In 1979, when CIA retiree Howard E. “Rocky” Stone founded the Self Help for Hard of Hearing People (SHHH) in the family room of his Potomac, Maryland house, he probably could not envision what a major force the homespun group would become in the hearing health arena.
It is good to remember that in those days, hearing technology we enjoy today was still in nascent stages - in-the-ear hearing aids had just become available in the United States - and the rights of hearing-impaired people were not protected by the full extent of the law.
By 2006, when the SHHH name was changed to the Hearing Loss Association of America (HLAA), the organization had been instrumental in helping develop awareness of hearing loss among the public, as well as many advocacy efforts (see below).
This year, the Bethesda, MD-based non-profit association, which has 14 state organizations and 200 local chapters, is celebrating 30 years of opening “the world of communication through information, education, advocacy, and support that has helped hundreds of thousands of people live and work successfully with their hearing loss,” its website, says.
Great strides forward
Since its inception, the HLAAA saw “explosion in technology that works - cochlear implants, hearing aids and other implantable devices,” notes HLAA Executive Director Brenda Battat, also pointing out at a much better communication access, such as captioning, more functionally equivalent relay services, Blue Tooth and FMs built into hearing devices.
“Other improvements include screening of newborns for hearing loss, and information more readily available via the Internet,” she says. “Email, Instant Messaging and texting are examples of mainstream technology that greatly benefits people with hearing loss and allows them freer communication with family, friends and in the workplace.”
Advocacy throughout the years
Today, the organization has numerous accomplishments to its credit. These achievements include (but are not limited to) help in the formation of the National Institute on Deafness and other Communication Disorders; ensuring that Americans with Disabilities Act encompassed people with hearing impairments; and getting Aetna insurance to cover bilateral cochlear implants and Baha (a surgically implantable system for treatment of hearing loss) for single-sided deafness.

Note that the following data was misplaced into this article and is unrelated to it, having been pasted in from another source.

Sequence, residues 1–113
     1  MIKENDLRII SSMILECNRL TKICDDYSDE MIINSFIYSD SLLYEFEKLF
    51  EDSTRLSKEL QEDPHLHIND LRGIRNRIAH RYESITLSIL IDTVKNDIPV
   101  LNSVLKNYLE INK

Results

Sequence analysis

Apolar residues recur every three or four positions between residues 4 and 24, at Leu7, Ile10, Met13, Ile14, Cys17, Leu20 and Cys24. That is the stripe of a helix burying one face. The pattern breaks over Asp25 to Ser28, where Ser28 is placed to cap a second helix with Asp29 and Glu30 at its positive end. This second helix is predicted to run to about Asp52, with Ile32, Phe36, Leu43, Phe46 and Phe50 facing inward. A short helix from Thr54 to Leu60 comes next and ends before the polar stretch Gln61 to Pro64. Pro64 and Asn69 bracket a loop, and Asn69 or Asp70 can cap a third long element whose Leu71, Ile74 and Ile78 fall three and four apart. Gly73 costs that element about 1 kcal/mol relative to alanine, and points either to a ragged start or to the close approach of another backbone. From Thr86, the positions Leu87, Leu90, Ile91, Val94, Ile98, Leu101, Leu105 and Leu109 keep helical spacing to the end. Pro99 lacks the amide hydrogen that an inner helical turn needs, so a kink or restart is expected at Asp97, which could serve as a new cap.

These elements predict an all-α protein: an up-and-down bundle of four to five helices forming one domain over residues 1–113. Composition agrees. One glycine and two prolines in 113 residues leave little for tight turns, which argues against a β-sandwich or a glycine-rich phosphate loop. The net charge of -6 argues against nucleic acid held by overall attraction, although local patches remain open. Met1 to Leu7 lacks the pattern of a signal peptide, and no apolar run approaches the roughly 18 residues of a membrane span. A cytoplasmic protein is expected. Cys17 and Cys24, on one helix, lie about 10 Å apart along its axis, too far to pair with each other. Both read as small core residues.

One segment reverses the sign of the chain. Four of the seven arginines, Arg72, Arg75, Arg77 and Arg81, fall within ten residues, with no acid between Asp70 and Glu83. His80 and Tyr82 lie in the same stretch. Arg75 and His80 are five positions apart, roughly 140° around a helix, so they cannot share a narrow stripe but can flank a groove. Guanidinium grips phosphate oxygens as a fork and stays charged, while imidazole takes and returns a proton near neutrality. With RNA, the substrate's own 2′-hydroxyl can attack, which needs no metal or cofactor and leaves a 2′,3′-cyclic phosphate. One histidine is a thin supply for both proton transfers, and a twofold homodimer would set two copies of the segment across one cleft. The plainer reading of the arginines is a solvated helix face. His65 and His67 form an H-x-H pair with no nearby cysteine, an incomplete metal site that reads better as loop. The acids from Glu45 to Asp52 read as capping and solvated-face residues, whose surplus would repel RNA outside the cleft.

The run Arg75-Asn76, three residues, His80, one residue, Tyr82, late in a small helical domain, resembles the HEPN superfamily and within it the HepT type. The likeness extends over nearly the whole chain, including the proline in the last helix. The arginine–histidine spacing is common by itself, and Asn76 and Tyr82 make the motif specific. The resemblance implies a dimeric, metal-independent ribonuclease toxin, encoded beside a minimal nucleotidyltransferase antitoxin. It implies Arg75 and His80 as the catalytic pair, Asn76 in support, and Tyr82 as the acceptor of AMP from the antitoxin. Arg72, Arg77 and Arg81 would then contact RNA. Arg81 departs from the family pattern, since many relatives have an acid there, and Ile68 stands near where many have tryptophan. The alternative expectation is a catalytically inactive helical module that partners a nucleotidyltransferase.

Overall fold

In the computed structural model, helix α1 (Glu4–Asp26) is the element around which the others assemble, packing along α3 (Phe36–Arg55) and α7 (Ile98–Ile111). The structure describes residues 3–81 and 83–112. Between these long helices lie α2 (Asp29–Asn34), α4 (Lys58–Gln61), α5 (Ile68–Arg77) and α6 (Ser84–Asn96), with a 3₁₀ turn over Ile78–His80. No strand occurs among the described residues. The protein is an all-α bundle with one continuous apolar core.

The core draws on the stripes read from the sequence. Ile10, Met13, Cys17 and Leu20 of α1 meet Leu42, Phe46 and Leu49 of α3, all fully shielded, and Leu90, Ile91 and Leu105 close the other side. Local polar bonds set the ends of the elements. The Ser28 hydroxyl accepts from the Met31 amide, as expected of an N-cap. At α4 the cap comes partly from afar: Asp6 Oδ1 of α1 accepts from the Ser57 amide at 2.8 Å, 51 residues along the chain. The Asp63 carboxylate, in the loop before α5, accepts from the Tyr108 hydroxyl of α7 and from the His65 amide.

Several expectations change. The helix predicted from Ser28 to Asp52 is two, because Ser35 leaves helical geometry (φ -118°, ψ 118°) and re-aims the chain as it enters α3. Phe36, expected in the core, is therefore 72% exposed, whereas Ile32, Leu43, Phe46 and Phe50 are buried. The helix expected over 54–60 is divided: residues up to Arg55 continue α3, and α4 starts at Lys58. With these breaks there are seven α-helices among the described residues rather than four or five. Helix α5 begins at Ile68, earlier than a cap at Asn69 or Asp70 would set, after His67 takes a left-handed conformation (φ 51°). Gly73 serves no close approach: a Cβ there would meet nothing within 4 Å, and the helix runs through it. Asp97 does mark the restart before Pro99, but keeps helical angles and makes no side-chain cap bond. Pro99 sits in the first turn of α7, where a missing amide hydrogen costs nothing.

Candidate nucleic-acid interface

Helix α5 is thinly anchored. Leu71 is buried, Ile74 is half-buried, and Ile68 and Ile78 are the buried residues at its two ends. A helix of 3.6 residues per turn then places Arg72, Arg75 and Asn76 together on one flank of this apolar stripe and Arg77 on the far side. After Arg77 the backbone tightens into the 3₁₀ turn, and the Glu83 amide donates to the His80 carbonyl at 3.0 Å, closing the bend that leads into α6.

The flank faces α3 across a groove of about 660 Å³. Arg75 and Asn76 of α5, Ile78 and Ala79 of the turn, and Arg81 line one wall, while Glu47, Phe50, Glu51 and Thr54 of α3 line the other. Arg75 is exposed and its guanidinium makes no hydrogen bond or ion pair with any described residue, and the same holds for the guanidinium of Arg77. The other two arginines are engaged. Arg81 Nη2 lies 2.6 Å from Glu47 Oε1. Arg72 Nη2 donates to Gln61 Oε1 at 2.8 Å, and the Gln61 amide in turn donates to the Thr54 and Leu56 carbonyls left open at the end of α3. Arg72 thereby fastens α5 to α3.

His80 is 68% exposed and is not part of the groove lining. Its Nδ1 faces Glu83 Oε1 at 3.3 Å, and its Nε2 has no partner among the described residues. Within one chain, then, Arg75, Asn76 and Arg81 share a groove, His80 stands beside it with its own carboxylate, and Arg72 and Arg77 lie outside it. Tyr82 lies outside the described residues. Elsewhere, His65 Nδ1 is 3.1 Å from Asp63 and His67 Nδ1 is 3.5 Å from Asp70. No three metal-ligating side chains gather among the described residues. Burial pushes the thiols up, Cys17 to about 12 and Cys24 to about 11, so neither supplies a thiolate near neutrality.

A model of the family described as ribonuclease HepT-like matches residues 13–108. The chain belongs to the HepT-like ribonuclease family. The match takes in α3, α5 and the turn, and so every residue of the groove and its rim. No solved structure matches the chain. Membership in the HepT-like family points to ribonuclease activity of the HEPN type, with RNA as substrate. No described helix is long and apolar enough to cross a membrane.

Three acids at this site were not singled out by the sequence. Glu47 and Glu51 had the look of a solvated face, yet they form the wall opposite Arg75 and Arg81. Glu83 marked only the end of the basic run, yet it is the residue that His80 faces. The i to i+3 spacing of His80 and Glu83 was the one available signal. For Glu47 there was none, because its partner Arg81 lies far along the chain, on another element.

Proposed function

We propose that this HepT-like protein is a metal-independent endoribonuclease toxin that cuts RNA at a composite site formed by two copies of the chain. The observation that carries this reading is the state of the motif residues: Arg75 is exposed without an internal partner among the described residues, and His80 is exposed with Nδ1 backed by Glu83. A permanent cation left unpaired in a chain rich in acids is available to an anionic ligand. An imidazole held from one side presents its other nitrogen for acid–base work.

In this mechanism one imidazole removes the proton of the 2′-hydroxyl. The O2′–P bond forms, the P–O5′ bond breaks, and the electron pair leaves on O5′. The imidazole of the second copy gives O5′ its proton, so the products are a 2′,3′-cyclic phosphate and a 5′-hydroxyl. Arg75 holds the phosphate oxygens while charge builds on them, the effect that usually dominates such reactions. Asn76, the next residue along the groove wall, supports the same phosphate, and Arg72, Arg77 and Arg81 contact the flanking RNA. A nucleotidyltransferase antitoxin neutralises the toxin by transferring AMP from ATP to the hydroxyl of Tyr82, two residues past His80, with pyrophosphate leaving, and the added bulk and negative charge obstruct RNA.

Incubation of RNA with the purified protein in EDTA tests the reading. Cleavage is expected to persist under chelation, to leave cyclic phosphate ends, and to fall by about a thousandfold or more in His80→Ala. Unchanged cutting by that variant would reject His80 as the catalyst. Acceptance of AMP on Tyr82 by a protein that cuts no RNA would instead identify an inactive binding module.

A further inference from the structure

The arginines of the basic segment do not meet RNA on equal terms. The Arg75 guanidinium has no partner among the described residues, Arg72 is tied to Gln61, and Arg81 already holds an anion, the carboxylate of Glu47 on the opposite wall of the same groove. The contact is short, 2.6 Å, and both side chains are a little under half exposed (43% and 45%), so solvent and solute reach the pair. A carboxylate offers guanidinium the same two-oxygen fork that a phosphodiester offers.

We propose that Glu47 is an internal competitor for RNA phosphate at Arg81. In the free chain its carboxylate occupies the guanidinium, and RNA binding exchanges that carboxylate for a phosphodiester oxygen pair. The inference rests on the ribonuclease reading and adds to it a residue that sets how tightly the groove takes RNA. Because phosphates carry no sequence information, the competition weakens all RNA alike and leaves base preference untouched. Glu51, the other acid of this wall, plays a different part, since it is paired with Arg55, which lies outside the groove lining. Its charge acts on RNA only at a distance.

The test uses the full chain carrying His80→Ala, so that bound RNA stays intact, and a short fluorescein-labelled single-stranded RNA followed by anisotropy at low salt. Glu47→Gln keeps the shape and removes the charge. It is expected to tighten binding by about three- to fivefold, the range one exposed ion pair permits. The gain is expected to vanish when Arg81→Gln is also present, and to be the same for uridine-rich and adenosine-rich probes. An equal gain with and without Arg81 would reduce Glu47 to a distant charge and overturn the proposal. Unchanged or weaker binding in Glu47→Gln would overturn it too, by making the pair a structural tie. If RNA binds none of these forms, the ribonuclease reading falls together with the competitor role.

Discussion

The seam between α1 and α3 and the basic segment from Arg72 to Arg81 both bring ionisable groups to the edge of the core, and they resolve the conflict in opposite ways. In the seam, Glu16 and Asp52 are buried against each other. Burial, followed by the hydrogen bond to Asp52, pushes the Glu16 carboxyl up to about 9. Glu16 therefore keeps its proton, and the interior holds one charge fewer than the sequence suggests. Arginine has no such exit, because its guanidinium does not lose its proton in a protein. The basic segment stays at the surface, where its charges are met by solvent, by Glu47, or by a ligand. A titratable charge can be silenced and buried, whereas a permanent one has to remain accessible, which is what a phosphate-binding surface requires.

These tangible and meaningful accomplishments are just the tip of the iceberg. HLAA not only talks the talk but also, literally, walks the walk. Launched in 2006, the Walk4Hearing™ has brought together thousands of people nationwide to raise awareness, support and funding for hearing loss prevention and education at the local and national level.
This year, a number of walks are scheduled around the country for spring and fall, with an ambitious goal of raising $1 million.
Addressing remaining challenges
Although much progress has been made in hearing health advocacy since the HLAA’s beginnings, a long list of challenges remains, Battat says.
“There is still very limited insurance coverage of hearing aids,” she says, pointing out that only 20 percent of people who could benefit from hearing aids actually get them.
Also, Battat notes, there is still a stigma in our society about hearing loss. “It is not taken seriously by the media, the public, government and the medical establishment, keeping many people from disclosing their hearing loss, especially in the workplace,” she says. “Many people do not know how to accommodate their hearing loss to stay employed.”
Along with other hearing health advocacy groups, the HLAA is actively involved in not only raising awareness but also a much-needed political action, Battat says.
“We are pushing hard for the Hearing Aid Tax Credit and have held meetings with the Obama transition team to spell out what is needed in education, employment and health care for people with hearing loss,” she says. “Our goal is to have hearing loss recognized as a health issue that requires regular checkups and treatment as any other medical condition. Hearing aids are not discretionary items; they are medically necessary as a part of rehabilitation for the loss of a sense. No one should hesitate or feel shame about seeking help for hearing loss.”